Is it an exaggeration to call Jrue Holiday a member of the elite point guard class in the NBA?
Not entirely. Jacob Eisenberg explains…
Sure, it was only last November that Holiday was coming off a disappointing third season in which his reclining numbers and lower efficiency ratings had many analysts wondering whether he had reached his ceiling as nothing more than a competent point guard.
This season, however, Holiday has indisputably become a worthy All-Star selection and has earned a rightful place on the short list of top point guards. The truth? “The Jruth” is still largely underrated by most NBA observers, even though he is one of just three All-Stars born in the 1990s.
In fact, Holiday’s ascent to elite status has gotten lost in the shuffle, obscured by the Andrew Bynum saga and Philadelphia’s sudden and disappointing regression from upstart underdogs last season to rebuilding bottom dwellers this season. However, Holiday continues to excel and is giving close followers several reasons to believe he may justify comparisons to the likes of Chris Paul, Russell Westbrook, Derrick Rose, Rajon Rondo and Kyrie Irving in the coming years.
Consider this: While Damian Lillard is the odds-on favorite to win Rookie of the Year, you might be surprised to learn that Holiday is just one month older.
Am I being too optimistic? Was Holiday’s All-Star selection a fluke? The numbers don’t seem to say so. Holiday ranks fifth among point guards in scoring, fourth in assists, third in rebounds and eighth in steals.
To further convey how promising Holiday’s numbers look, compare his season with fellow UCLA alumnus Westbrook’s 2010-2011 campaign:
Skeptics will undoubtedly argue that Westbrook is less of a conventional point than Holiday, making the comparison unfair. However, Westbrook was undeniably at his best as a true point guard in 2010-2011. To this day, his strongest passing, 3-point shooting and defensive efficiency numbers came in that season.
Moreover, closer analysis shows Westbrook’s usage – an estimate of the percentage of team plays used by a player while he is on the floor, according to basketball-reference.com – in 2010-2011 at30.8 percent. This means Westbrook was featured in a larger percentage of Oklahoma City’s plays in 2010-2011 than Kevin Durant. Westbrook’s usage percentage that season ranked third, trailing only Derrick Rose and Kobe Bryant.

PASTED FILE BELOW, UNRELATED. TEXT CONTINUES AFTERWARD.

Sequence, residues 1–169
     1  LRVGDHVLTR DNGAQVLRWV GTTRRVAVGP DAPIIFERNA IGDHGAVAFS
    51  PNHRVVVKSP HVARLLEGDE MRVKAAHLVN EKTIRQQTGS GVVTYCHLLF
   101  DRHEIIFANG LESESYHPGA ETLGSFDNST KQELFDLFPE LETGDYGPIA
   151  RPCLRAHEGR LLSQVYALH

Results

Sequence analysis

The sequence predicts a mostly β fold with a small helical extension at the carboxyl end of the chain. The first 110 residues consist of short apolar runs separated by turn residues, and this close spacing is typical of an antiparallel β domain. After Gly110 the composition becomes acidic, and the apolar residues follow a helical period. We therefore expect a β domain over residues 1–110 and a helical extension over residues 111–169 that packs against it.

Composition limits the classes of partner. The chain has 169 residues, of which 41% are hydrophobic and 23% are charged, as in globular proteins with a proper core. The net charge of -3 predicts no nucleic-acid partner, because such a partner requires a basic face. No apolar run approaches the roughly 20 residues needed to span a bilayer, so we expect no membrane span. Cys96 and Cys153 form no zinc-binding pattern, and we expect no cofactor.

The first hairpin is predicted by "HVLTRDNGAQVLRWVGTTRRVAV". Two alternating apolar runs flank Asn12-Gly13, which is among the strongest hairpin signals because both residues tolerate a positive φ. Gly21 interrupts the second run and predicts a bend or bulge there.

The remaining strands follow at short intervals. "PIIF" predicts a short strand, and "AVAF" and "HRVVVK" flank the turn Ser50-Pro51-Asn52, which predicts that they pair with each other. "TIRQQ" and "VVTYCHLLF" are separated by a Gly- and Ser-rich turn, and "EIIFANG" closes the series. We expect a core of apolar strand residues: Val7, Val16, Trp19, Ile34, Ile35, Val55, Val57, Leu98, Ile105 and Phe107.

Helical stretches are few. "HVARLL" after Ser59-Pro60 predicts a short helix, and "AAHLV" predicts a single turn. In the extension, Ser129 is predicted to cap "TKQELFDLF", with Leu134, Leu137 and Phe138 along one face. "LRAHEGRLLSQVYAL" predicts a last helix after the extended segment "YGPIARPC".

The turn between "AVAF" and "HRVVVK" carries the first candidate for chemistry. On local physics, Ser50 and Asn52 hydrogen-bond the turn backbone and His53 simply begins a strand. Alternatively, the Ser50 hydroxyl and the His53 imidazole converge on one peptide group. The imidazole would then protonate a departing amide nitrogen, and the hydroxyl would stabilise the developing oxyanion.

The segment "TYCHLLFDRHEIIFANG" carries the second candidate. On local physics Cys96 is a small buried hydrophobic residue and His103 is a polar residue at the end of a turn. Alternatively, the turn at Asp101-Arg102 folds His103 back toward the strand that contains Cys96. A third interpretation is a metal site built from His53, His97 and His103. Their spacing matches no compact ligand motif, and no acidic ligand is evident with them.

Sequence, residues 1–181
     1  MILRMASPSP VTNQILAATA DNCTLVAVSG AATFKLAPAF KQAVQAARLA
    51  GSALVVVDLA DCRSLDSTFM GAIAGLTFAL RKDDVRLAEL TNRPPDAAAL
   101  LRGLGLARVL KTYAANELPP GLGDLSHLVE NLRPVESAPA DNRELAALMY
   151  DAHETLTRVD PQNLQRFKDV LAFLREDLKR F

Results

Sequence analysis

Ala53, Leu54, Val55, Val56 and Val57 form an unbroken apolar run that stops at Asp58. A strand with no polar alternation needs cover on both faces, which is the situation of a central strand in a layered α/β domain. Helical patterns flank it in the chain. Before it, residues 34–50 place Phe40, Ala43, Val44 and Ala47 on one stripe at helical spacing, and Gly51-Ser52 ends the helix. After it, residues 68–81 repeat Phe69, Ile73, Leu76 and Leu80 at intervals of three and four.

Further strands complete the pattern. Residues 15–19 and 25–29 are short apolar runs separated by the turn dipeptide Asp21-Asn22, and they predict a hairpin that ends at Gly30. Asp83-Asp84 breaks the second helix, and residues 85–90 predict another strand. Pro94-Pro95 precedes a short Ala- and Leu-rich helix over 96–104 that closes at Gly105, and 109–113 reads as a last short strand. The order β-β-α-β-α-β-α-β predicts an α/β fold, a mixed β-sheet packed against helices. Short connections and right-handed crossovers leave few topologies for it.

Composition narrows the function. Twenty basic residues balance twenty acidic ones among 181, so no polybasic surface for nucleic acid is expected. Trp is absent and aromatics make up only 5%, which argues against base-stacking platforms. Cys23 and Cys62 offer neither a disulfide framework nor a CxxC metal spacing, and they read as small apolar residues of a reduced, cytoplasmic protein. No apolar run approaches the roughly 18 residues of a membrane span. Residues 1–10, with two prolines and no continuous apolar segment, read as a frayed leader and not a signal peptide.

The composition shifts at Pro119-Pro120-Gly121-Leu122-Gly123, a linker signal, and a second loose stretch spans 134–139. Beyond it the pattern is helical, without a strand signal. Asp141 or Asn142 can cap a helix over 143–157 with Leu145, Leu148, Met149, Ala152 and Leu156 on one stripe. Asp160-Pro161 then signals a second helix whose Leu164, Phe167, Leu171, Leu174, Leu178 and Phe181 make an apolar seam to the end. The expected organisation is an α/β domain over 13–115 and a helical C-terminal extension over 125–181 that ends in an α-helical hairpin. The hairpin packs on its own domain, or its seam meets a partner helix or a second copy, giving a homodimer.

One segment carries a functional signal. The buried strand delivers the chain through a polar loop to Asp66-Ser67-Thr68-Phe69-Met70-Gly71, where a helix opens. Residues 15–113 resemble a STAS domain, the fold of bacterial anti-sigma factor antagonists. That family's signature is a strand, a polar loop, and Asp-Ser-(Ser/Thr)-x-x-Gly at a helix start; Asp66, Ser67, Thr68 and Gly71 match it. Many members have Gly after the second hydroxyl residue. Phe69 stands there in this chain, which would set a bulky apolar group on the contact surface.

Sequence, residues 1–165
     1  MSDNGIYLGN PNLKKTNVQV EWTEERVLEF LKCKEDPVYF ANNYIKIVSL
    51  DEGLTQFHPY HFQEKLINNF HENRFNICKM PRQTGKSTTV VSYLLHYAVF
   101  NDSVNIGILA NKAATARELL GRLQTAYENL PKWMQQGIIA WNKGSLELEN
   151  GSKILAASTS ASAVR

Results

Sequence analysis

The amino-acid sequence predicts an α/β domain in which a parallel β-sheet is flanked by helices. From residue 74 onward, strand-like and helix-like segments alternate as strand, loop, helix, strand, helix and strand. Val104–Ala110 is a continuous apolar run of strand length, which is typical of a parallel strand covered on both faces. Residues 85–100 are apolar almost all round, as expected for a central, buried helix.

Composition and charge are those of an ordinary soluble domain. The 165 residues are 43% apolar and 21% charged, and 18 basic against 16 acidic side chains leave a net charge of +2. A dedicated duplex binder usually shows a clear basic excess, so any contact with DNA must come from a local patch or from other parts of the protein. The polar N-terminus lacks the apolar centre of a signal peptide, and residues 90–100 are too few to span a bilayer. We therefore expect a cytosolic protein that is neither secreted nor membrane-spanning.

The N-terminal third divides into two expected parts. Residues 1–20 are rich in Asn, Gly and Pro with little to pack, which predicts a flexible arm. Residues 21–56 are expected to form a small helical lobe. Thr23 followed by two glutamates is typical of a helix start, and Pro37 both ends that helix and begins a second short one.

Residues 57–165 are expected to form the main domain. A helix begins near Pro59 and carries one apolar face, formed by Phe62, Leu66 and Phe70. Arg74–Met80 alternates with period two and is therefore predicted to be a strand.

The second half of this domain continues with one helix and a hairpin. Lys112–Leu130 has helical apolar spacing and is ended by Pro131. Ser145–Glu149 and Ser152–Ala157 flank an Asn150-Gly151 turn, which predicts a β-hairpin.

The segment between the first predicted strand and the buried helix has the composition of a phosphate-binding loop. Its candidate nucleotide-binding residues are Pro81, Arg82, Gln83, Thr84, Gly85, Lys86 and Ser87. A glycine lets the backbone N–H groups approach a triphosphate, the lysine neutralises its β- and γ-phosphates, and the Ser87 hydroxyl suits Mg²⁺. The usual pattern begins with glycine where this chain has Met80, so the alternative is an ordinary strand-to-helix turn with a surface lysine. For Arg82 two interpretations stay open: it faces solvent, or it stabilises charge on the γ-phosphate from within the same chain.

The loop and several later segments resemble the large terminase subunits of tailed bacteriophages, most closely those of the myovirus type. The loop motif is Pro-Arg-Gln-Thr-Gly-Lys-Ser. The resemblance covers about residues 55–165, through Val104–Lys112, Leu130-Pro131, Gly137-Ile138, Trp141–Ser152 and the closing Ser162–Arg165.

This season, Holiday averages more assists and shoots better than Westbrook did while accounting for only 26.2 percent of his team’s plays. Holiday’s numbers are even more impressive when you consider he is featured in a lower percentage of his team’s plays while on the court than reserves Will Bynum of Detroit (26.4) and Ben Gordon of Charlotte (26.3).
So, what has Holiday changed in his game to transform himself from merely serviceable to undeniably scintillating?
“I think the polish on his game, especially at the point guard position, has been much improved,” 76ers center Spencer Hawes said recently. “He has always been extremely talented but his understanding of the game is more evident now.”
Sixers forward Thaddeus Young agreed. “He’s doing a great job in filling all of our needs at the point guard position. He has put us on his shoulders a little bit. He’s distributing the ball and doing a good job getting everyone involved.”
This maturation – a better understanding of how to facilitate the game – has been evident in Holiday. While his assists are at a career high and nearly double the 4.5 he averaged last season, Holiday also is taking four more shots per game with no discernible dropoff in efficiency.